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Ban on Plastic & Paper Throw-away Bags Under Spotlight

The long-discussed "plastic bag ban" for West Contra Costa County cities, including El Cerrito, appears to be picking up steam with a formal public comment period now under way. Throw-away paper bags also would be banned.

Updated, Aug. 12, 12:45 p.m.

El Cerrito and the other cities in West Contra Costa County have launched a formal review period for a proposed "plastic bag ban," which would apply also to throw-away paper bags.

The cities have been working with RecycleMore, the waste management agency for West Contra Costa, to jointly develop a model ordinance for the ban, which would be considered by each jurisdiction for adoption. The county is involved too since the law could apply to unincorporated areas of west county.

The law would prohibit any retailer, except restaurants and non-profit charitable organizations that sell used goods, from providing a single-use plastic or paper bag at the "point of sale" (cash register) for taking items from the business.

The ban would not apply to bags used to transport items inside the business, such as bags used by manufacturers to package goods or bags provided in the produce section of grocery stores for customers to carry produce to the check-out stand.

An exception would allow "recycled paper bags" to be issued at the check-out stand if such bags are not made from old-growth trees, contain at least 40-percent recycled material and are 100-percent recyclable. The merchant would be required to charge at least 5 cents for such bags or for reusable bags. Two years after the ordinance is adopted the retailer can make the recyled paper bags available for a minimum of 10 cents a bag.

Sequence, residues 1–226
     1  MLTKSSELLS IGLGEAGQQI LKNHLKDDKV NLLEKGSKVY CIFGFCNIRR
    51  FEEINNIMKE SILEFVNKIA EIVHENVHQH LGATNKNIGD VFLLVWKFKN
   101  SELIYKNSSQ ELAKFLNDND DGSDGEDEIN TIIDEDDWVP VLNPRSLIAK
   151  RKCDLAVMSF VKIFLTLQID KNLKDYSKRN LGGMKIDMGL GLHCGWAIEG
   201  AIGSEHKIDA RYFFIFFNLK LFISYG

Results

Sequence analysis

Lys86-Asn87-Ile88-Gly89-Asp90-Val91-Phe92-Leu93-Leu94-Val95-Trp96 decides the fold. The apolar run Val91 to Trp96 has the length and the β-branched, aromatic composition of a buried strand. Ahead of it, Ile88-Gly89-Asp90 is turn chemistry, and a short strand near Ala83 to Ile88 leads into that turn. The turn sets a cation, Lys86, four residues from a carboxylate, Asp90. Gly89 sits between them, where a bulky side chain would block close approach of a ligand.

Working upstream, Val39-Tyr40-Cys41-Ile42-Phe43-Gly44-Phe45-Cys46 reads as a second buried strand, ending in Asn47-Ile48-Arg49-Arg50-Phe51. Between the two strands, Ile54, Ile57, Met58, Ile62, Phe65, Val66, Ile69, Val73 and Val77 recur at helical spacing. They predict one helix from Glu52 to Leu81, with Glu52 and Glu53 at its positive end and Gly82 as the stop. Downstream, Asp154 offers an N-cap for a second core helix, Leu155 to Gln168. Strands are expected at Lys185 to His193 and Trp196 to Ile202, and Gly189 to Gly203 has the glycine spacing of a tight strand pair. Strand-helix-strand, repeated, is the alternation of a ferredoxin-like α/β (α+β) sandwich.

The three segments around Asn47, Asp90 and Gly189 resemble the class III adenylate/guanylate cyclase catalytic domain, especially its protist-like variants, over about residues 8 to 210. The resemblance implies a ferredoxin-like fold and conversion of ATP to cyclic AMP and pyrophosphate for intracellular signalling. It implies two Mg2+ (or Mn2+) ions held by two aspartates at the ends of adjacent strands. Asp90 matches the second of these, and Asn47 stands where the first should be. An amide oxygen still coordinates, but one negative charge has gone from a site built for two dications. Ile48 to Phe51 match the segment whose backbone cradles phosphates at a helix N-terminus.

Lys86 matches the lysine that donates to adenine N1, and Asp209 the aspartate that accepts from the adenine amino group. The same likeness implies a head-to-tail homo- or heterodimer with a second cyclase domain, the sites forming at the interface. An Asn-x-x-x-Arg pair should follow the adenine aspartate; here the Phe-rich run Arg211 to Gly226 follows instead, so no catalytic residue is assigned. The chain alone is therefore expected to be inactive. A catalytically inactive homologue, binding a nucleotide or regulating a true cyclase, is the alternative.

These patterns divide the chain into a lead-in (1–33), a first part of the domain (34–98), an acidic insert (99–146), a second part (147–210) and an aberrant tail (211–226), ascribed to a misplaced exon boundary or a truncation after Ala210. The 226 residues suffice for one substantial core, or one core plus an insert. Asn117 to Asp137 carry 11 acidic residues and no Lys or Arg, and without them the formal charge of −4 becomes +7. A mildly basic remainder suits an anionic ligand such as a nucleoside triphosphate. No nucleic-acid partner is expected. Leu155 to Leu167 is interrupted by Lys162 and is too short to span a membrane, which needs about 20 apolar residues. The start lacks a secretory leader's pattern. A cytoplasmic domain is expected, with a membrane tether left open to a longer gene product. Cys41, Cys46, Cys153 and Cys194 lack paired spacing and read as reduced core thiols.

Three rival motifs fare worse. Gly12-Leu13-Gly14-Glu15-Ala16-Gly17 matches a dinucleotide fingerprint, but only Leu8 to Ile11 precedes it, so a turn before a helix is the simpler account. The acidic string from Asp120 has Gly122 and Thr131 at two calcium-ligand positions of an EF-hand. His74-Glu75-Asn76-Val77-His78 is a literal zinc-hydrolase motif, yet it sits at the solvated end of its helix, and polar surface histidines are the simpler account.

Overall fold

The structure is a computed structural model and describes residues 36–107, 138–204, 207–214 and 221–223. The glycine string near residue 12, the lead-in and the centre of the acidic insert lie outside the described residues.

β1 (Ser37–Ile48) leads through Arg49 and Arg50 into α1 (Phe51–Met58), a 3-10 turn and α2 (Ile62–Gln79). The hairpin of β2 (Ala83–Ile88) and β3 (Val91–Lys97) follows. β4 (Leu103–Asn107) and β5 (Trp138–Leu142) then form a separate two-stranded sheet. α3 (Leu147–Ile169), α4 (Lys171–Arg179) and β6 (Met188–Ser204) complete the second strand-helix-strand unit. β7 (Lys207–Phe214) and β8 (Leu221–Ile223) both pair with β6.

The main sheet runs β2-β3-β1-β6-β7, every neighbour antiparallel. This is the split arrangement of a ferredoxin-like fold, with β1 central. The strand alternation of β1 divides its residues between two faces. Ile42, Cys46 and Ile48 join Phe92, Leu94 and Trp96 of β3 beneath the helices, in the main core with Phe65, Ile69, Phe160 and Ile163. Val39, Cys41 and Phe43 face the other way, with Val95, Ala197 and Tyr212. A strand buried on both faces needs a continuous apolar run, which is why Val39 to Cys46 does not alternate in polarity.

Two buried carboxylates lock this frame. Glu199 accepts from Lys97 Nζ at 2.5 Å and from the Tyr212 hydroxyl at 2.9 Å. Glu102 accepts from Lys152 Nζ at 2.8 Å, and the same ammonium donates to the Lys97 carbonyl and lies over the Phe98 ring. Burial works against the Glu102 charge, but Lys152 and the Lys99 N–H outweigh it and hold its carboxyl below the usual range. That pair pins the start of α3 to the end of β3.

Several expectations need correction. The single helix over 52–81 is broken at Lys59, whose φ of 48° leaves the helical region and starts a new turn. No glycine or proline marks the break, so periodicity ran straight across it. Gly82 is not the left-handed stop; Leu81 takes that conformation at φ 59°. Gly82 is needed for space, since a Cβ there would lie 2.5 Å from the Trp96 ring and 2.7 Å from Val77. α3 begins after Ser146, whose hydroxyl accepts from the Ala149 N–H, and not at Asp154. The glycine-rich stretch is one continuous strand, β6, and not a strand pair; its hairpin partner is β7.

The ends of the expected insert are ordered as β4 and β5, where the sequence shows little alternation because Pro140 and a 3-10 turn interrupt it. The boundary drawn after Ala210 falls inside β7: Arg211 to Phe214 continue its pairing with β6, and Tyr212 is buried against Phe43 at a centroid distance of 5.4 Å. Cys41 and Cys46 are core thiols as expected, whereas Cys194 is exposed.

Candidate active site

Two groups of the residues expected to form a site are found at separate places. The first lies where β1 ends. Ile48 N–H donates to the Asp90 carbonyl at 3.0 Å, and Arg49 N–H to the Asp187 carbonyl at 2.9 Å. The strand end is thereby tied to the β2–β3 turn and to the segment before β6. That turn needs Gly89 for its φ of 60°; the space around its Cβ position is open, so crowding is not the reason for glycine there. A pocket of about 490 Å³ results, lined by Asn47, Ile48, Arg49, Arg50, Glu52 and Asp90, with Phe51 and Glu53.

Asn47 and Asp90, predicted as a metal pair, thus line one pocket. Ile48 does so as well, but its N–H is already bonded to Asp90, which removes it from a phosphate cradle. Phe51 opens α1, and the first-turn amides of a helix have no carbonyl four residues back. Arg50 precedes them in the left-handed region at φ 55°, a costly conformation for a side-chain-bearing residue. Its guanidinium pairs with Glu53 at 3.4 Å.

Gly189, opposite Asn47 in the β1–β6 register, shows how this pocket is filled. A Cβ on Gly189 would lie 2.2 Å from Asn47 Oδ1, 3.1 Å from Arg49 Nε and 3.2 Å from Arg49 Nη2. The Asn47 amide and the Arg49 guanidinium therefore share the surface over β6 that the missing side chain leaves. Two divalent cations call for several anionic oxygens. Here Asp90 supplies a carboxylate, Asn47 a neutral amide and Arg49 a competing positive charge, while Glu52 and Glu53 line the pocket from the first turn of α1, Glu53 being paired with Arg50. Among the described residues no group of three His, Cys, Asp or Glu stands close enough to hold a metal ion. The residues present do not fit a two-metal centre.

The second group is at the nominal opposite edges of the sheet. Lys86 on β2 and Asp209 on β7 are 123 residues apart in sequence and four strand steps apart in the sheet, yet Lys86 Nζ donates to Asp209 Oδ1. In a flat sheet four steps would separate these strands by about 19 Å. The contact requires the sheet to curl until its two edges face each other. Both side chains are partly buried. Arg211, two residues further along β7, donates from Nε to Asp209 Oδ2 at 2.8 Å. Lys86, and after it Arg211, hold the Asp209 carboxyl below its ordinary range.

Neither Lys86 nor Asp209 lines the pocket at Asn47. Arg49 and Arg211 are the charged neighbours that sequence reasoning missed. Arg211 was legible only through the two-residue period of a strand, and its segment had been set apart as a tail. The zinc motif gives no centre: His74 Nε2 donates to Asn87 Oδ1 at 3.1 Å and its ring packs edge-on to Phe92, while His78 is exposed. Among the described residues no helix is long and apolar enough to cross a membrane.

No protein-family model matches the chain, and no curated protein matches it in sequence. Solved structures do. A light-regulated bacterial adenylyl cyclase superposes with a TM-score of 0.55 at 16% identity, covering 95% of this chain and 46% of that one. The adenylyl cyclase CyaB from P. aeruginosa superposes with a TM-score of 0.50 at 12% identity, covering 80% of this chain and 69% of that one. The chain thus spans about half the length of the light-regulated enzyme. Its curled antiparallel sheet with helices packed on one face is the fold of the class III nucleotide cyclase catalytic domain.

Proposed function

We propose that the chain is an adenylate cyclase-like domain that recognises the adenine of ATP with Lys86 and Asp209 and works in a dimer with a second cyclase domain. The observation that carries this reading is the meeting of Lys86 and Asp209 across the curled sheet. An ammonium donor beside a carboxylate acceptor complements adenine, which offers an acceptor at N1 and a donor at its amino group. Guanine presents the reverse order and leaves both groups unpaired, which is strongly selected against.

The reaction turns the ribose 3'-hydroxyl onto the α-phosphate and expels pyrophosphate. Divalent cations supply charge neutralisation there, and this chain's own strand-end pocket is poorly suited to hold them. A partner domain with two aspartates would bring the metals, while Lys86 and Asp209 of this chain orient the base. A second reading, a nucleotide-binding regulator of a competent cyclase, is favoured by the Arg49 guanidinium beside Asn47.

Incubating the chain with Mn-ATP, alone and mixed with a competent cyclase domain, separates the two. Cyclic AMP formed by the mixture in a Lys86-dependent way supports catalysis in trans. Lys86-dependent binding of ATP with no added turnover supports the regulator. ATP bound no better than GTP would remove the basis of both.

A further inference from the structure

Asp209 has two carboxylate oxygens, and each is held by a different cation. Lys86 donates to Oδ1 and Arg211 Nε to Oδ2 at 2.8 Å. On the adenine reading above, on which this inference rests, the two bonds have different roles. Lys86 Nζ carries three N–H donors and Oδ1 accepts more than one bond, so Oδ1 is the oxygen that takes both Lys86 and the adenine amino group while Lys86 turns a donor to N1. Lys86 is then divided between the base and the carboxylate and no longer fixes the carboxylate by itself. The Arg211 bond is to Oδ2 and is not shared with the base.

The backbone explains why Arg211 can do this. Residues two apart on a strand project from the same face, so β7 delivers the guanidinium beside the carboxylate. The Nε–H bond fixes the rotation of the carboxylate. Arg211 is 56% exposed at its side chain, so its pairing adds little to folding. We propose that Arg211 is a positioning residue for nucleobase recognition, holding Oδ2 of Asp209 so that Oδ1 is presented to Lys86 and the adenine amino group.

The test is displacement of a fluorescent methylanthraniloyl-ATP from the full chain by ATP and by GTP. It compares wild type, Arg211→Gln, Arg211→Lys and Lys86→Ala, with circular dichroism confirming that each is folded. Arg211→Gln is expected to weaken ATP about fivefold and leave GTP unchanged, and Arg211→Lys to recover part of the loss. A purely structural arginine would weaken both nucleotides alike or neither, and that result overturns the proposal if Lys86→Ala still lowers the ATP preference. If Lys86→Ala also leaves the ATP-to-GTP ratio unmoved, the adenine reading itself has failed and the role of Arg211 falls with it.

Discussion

Offering recycled paper bags or reusable bags to customers to carry goods out of the store would be required, not an option. Customers on low-income government assistance programs would not be charged.

The customer receipt would have to show the number of recycled paper bags provided and the amount charged for them. And retailers would be required annually to report to the city manager (or designee) the number of recycled paper bags provided, the amount collected for such bags and a summary of efforts to promote reusable bags. 

Enforcement would be up the city managers (or designees) of each city. A violation would first trigger a warning, with subsequent violations subject to fines that could reach $500 per day.

"The proposed ordinance is intended to facilitate and encourage the widespread use of reusable bags – bags that can be used multiple times, not once or twice and then discarded," according to a RecycleMore study of the proposed ordinance.

The RecycleMore study, known formally as an "Initial Study," is the first stage of required environmental review mandated by the California Environmental Quality Act. The study, which includes the draft ordinance in the appendix, is attached to this article.